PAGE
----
Like many who were glued to the action between the Edmonton Oilers and San Jose Sharks at Rogers Place Friday while watching Zack Kassian make it his mission in life to dismantle the Sharks in a game the Oilers absolutely had to win, I got caught up in the moment. How could you not?
In the same city where not so long ago Kassian was public enemy No. 1 and Oilers’ fans hated his guts after he broke Sam Gagner’s jaw with a reckless high stick and further infuriated the faithful by mocking Gagner, fans chanted his name Friday – “Kass-ian-Kass-ian-Kass-ian.” It was as dramatic a turnaround from villain to hero as I’ve ever seen, and I’ve seen a few over the years.
Kassian not only scored the winning goal on a shorthanded breakaway in the second period of a must-have 2-0 Edmonton win in Game 2, he rumbled around the ice like a man possessed, finishing the night with a half-dozen hits, including a freight-train job on Logan Couture that had the crowd roaring.
Remember when Zack Kassian was that #^@$@ dirty thug with the Canucks and public enemy No. 1 here? Playing the game of his life tonight.
— Robin Brownlee (@Robin_Brownlee) April 15, 2017
Understandably, it’s Kassian’s balls-out performance that matters most to fans. The series with the Sharks is tied 1-1 heading back down to San Jose and Kassian was the driving and undeniable force in making it happen. The bigger picture, how Kassian has embraced sobriety for 18 months now and turned his life around since wearing the black hat as a visitor to Edmonton, is what has me happy for him. That’s what really matters, and it’s no game.
PLAYING FOR KEEPS
Kassian’s off-ice issues have been well-documented through stops with the Buffalo Sabres, who drafted him 13th overall in 2009, the Vancouver Canucks and Montreal Canadiens. He wasn’t just a good-time guy. Kassian was, and is, an alcoholic. Edmonton GM Peter Chiarelli provided Kassian one more chance, likely his last, when he acquired him from the Habs for Ben Scrivens fresh out of a substance abuse program.
“Oct. 5, 2015. It’s been 17 months,” Kassian said, talking about his sobriety, in a conversation with Mark Spector of Sportsnet back in February. “When you’re sober you have sobriety birthdays. My actual birthday (Jan. 24, ’91) doesn’t mean so much now.”
“I came here — last chance,” Kassian said. “I just wanted to earn the respect of my teammates. We have a great team in here and I’m just a small piece of the puzzle. I came here with an open mind. That I would do whatever I had to do, to help the team.”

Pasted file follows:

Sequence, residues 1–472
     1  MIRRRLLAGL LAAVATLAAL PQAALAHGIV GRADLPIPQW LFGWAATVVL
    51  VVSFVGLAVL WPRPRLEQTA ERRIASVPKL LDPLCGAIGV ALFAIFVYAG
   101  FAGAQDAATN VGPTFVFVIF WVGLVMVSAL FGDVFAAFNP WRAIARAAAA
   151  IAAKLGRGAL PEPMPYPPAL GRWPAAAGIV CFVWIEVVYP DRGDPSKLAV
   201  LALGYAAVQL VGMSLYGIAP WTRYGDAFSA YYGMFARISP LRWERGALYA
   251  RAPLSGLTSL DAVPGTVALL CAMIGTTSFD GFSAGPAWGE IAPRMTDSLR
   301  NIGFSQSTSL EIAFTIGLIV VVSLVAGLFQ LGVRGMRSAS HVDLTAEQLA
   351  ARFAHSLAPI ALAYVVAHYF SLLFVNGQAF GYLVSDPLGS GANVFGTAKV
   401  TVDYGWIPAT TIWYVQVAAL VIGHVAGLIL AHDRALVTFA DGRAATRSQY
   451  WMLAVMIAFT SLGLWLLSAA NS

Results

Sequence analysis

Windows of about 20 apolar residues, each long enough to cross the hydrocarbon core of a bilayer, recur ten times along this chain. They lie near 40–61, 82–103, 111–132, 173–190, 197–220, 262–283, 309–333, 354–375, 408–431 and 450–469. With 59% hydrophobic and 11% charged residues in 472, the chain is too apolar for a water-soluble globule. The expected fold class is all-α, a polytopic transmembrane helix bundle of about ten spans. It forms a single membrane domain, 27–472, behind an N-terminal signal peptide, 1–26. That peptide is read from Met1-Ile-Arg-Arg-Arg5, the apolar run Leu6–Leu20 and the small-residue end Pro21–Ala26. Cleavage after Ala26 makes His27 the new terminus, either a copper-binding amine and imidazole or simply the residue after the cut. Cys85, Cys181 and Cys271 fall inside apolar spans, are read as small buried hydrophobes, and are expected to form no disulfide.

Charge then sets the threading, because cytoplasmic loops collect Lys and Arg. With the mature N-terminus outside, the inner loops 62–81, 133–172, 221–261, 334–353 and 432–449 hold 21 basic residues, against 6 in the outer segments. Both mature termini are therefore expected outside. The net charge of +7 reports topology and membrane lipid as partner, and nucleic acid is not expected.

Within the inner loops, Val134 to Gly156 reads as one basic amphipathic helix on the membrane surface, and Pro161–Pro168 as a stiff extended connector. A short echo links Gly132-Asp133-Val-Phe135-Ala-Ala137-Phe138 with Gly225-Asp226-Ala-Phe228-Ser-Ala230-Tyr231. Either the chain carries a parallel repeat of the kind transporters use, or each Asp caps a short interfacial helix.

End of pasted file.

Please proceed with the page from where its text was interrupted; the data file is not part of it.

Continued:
Kassian told Jason Gregor and I much the same thing during an interview on Gregor’s show on TSN 1260 last season. Actions, not words, would tell the tale. They always do. So far, Kassian has been flying straight one day at a time. That – the real life stuff, the bigger picture off the ice that plays directly into the inspired performance we saw from Kassian on Friday — is to be applauded. It’s a commitment everybody can get behind.
The reality, as many of us are all-too aware, is it’s a day-to-day commitment not everybody can see through. The bottle, addiction of any kind for that matter, has ruined marriages and careers and split up so many families. It has taken too many lives. It strikes very close to home for me, and likely for many of you, too. It seems we all know someone who made it and someone who didn’t.
My adopted father was an alcoholic. When he was sober, he was a gentle, hard-working family man. When he drank, he was an angry, raging bully who terrorized my mom and his children. I had no idea, then, why. My dad ran out of chances before I was three years old. One night, after my dad threw me across the kitchen with so much force I broke through a cupboard door and sent pots and pans flying, my mom packed my brother and I and a couple of suitcases into the car and drove into the night. She never went back. The bottle cost my dad his family.
I saw my dad just one time after that. I was 14 and waiting for a bus connection in New Westminster. He was leaning in a doorway. He was drunk, incoherent and dirty. He never saw me. I remember wanting to confront him and ask why he’d hurt us, why he’d done the things he’d done. In the moment, I never found the courage. Months later, we got word he’d fallen down some stairs and hit his head. He died from a bleed on the brain. The bottle cost my dad his life.
There are too many stories like that. Thankfully, there are many with happier endings. As much as I got caught up in what Kassian showed us out on the ice Friday, the real story for me is knowing his ongoing commitment to sobriety is what made it possible. That’s what grabs me by the heart. That’s what won’t let go. Win or lose, that’s why I find myself pulling for Zack Kassian.
Listen to Robin Brownlee Wednesdays and Thursdays from 3 p.m. to 5 p.m. on the Jason Gregor Show on TEAM 1260.